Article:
Are you thinking happy thoughts about Pan? You are the only one.
Pan, written by Jason Fuchs, attempts to strike an original note in the Peter Pan mythos by serving as a prequel, but it ultimately falls flat. Like many fantasy stories, it serves as an origin story to lead you up to the sequel, but it relies on too many stereotypes that take away the imagination that the Peter Pan mythos thrives on.
The film starts with an interesting beginning set in a World War II backdrop, but once the plot shifts to the Chosen One story in Neverland, Peter (Levi Miller) becomes less of a character and more of a plot device. Peter’s motivation to find out what happened to his family almost disappears entirely when it gets shoved aside for exposition about the Pan prophecy.
As a big Peter Pan fan, I was disappointed that the plot boiled down to a fantasy cliche. There was plenty going on without adding this plotline!
A rich story could have been told about Peter’s family outside of his birth, the journey of discovery about his family’s origins, and use that as the driving force with his need to know about his parents as an orphan character.
Using Peter’s motivation to find his family would have him relate stronger to James Hook (Garrett Hedlund) by foiling what could be worse – knowing who had abandoned you to orphan life or never knowing any information about them at all. There was a missed opportunity to add depth to the connection between Peter and James Hook and spin a new aspect to their future actions as enemies.
Tiger Lily (Rooney Mara) and the other natives suffer the most from the crowded story plot – as a whole, they are shoved into the background after they mention the prophecy. Tiger Lily was featured as a warrior princess, but only when plot needed her to fight. You see none of that during her time with the natives themselves. Why wasn’t she considered one of the best warriors of the tribe? It would have lent an interesting twist to the movie to have the tribe’s Pan helping Peter on his quest.
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Pan missed their moment to do something unique with Tiger Lily and her tribe, and as a result, their whole arc was regulated to exposition. If you’re hoping for a Ruffio to spice things up, I’m sorry.
The film is not all fairies and natives – we see a brief peek into the pirate community during the film. Similar to other live-action adaptations like the 1990’s Hook, this film attempts to dive into what Neverland is like for adults, but it only provides a brief glimpse of the darker nature.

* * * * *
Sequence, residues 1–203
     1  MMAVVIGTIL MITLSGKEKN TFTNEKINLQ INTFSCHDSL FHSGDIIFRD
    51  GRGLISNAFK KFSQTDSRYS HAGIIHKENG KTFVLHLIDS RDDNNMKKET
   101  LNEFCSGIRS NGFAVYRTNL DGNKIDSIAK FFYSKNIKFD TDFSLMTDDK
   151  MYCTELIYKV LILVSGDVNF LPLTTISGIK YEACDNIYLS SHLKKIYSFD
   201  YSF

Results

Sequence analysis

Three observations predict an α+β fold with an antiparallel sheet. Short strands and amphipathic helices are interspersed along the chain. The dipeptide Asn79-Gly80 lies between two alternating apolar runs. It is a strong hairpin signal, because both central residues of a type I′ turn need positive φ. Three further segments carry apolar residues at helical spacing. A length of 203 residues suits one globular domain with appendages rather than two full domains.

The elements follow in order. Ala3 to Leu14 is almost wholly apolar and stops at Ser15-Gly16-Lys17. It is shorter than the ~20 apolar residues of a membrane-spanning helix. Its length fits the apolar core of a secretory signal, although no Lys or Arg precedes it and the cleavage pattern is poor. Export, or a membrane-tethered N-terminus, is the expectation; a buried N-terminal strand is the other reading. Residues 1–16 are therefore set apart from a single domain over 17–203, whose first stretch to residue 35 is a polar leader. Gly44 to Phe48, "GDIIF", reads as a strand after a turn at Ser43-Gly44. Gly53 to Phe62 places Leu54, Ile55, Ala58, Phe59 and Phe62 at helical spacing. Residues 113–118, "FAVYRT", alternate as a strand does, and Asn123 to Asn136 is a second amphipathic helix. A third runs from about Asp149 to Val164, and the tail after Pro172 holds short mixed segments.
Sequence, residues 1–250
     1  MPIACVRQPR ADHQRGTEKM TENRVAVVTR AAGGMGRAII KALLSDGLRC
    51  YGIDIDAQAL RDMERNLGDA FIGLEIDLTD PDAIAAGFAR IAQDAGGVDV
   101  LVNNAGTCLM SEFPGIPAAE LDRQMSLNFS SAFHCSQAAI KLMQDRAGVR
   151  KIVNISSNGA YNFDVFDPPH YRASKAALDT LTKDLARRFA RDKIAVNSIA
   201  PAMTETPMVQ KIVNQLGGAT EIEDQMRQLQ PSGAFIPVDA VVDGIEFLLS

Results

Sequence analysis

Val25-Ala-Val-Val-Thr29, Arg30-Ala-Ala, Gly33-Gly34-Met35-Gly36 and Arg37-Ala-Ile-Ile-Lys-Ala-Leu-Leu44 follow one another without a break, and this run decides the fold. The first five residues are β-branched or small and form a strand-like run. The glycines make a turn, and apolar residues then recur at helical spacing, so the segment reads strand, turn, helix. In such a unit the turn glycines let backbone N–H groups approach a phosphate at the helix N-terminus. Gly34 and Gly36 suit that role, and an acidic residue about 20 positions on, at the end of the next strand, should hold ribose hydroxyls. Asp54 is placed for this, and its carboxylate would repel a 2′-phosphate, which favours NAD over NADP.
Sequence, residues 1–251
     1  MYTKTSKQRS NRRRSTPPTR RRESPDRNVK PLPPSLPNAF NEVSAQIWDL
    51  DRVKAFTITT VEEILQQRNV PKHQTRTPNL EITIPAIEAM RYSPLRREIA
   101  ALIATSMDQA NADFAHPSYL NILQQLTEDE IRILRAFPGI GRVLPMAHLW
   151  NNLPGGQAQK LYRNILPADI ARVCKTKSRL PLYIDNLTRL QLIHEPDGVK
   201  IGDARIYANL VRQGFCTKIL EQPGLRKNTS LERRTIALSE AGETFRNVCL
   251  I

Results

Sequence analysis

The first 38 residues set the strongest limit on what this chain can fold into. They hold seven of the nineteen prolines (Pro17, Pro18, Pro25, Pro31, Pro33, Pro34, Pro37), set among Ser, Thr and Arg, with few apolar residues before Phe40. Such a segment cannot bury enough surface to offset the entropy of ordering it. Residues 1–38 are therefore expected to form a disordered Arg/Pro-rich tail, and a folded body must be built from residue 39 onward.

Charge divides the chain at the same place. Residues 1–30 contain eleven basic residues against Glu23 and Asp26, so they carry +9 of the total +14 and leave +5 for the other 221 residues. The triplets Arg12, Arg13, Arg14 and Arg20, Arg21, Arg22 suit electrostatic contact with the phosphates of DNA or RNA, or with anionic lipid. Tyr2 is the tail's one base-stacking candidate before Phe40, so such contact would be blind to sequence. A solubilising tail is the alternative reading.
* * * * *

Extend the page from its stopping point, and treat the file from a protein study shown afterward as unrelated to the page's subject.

Blackbeard’s (Hugh Jackman) purpose is to serve as an allegory of what most adults fear, but as a character, he’s largely a copycat of Captain Hook. Blackbeard adds no new perspective to the pirate community and seemed to have little influence on Hook as he was growing up on Neverland. But Blackbeard steals a few of Hook’s most famous lines, which could have alluded Hook modeled himself after Blackbeard – although we will never know. Without proper context as to why Blackbeard sprouts these quotes, it makes him seem like a cheap copy instead of an original character. Bad form!
One cool snippet for adults is Blackbeard’s reasons for searching for more pixie dust. His search represents a terrifying premise when you consider the size of Neverland and how long he has been there that he has exhausted the resource on an entire section of the island. Unfortunately, that’s the end of his standout character traits.
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Pan suffers from poor writing; it wants to show too much and stuffs a lot of ideas into two hours that will leave the audience a bit overwhelmed. From orphanage lost boys to pirates to tribes to fairies, there are plenty of stories that are waiting to be told and not enough time to dive into all of it. But the movie tries to relate to what was referenced in the Peter Pan films of the past, and takes on too much.
If the plot wasn’t so crowded, Pan would have been a big hit for the fall season box office.
The film had several gorgeous set designs that relies on primary colors that are popular with films targeted to children, and works as a family action flick. The actors looked to be having fun as well with a few scene-chewing moments.
But if you are a serious Peter Pan fan, you’ll realize that not even clapping will stir the belief that this flop will survive the Hollywood box office.